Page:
Getting to class through croc-infested rivers

By Michael McHugh

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How many of us in the training industry can say that they see a group of crocs on their way to work? For Cecily Petherick, it just comes with the territory. She is living proof that a training career can be the key to exploring some exotic frontiers.

Cecily works as a trainer in Language, Literacy and Numeracy at Gunbalaynya, a remote indigenous community on the edge of Kakadu. Edutemps helped to place her there in May this year and she is relishing the challenge.

Prior to Gunbalaynya, Cecily’s training career has taken her to various locations across Australia, including Queensland, South Australia and the Northern Territory. She has worked in a wide range of roles including apprentice training, recruitment, retention and upskilling, but perhaps her current role has been the most fulfilling of all. “My work with the community here has a direct impact on employment prospects and their opportunities for further study. It’s very satisfying to see students gain confidence and develop skills that will serve them for life”, she said.

Gunbalaynya is around 350 km from Darwin and access is at the mercy of the tropical climate, as Cecily explains. “I go back to Darwin occasionally and there is only one road in and out of the community. The road crosses a tidal river at Cahill’s Crossing and while that’s negotiable in the dry season, it quickly becomes impassable in the wet. Once that happens, the only way in is by light plane or helicopter”.

Revelling in the challenge

Her role presents many unique challenges, apart from the tricky access, but this is more than outweighed by the satisfaction it brings. She trains a wide range of ages from teens right up to middle aged adults, with around half of them never having had any formal training before. Methods and techniques therefore need to be adapted to keep the training relevant and appropriate, as she explains. “To engage students I look for scenarios and situations that they encounter in their everyday life. If I’m teaching measurement, volume and size, for example, I use examples involving things they can relate to, such as cooking, hunting. Even something as simple as a clock can be a valuable teaching aid”.

The crocs await their opportunity for a feed at the causeway.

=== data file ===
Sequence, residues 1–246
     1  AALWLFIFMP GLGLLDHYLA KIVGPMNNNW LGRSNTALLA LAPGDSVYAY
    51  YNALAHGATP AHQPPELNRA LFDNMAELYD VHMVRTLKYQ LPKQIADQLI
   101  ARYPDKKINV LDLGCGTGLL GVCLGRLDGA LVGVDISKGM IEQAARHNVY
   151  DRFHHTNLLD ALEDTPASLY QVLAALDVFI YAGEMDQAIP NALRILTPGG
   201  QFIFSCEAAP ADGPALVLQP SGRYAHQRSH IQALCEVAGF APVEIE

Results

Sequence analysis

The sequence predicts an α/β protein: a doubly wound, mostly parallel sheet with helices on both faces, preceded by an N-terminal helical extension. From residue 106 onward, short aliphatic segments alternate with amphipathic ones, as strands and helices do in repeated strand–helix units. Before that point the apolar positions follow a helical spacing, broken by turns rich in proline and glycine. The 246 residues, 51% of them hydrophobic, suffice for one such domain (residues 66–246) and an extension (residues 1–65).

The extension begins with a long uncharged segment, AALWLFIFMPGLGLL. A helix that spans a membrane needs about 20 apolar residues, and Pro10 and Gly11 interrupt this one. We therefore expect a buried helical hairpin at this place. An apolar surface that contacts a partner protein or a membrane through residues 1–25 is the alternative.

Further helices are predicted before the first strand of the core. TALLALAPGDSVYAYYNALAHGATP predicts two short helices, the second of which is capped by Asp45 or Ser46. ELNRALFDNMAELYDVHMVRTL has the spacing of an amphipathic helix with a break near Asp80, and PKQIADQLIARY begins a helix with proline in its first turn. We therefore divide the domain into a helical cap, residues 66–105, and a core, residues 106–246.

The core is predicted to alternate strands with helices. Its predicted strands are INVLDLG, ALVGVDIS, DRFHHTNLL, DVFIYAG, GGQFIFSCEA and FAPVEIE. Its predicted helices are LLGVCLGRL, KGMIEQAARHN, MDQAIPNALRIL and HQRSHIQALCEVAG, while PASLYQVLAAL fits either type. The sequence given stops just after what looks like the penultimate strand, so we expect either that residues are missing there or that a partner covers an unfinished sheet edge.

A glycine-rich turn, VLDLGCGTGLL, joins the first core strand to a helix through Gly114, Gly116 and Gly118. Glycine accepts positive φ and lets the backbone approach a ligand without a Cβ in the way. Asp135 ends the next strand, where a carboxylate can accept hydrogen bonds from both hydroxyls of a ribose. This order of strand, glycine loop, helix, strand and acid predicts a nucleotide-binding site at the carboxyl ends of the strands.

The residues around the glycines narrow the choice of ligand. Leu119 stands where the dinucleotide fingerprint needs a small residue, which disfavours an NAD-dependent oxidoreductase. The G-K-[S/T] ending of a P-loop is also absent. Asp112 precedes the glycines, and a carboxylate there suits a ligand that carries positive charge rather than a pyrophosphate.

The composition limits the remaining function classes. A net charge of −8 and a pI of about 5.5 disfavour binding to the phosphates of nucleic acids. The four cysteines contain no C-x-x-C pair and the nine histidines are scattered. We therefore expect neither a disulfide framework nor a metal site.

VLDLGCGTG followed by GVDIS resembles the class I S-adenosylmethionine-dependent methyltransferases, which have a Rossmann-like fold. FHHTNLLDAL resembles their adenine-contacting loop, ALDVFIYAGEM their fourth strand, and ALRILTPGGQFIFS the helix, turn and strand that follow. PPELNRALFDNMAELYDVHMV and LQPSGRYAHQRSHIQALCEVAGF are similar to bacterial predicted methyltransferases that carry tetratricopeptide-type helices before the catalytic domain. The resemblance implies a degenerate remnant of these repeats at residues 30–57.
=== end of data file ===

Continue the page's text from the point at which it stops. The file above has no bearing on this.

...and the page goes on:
Resources are limited, so it’s a matter of improvising and making do with what is available, as she explains. “We have one room with a whiteboard and just 4 computers. The internet connection is patchy and unreliable, so we have to be creative and improvise with what we have”.

Despite the challenges, Cecily finds it a stimulating environment and can sense the tangible results that her work is creating. “Many of those who come to learn have not had much formal training before and may even have trouble writing their name, so they often start with low confidence levels. Once they start picking things up, however, this quickly changes. Their confidence builds and they can start to make connections between what they are learning, what they enjoy doing and possible career paths”.



Working with cultural differences

Cecily described how a big part of making things work at Gunbalaynya is ensuring that cultural sensitivities are recognised and respected. “In my younger days I lived for 15 years in a remote community, so I suppose I have a good grounding in what to expect. One thing that many city folk may not know is that each community is unique and will have slightly different customs and practices.

It’s very important to be aware of the social norms and that starts with a basic acknowledgement that it is their land and I am coming as a guest. They are naturally a bit wary of newcomers because they see lots of outsiders who fly in to do some work and quickly fly out again, so it’s important to make a commitment to stay for a reasonable amount of time and once they see that, they are very accepting and welcoming”.

“It’s also important for the learning to be a mutual experience. I am as much a student of their culture as they are of what I am teaching. It’s a two-way process and that builds trust. There is also a need to recognise some cultural idiosyncrasies, which may seem foreign to our way of thinking. For example, there can be a lack of consistency in attendance due to different cultural priorities and family events. It’s important to go with the flow on this because it is not due to a lack of interest, it is simply their way of life and I have to have the flexibility to work around that”.

Cecily also noted the need to be sensitive to the cultural norms around gender. Men and women attend at separate times and there are strict observances around any social contact between the sexes. “If I am teaching females and we have a break, the women won’t go onto the verandah for a coffee if there are males out there. They have to be very careful about who they speak to”.


Cecily with some of her dedicated literacy and numeracy students

Edutemps role in the transition

Edutemps had facilitated Cecily’s role at Gunbalaynya after matching her skills and background to the needs of the position. “Edutemps were very thorough in the way they managed my placement here and were diligent in following up and staying in contact to make sure the transition went well. Their ability to understand the role and my skillset was certainly a big factor in this being the right move for me and they have been very supportive”.

“Fortunately, I have never had any close calls, although I may have accidentally run over one or two at the river crossing. Sometimes they are lying underwater on the causeway and you can’t see them, but that’s about as close as I have come”!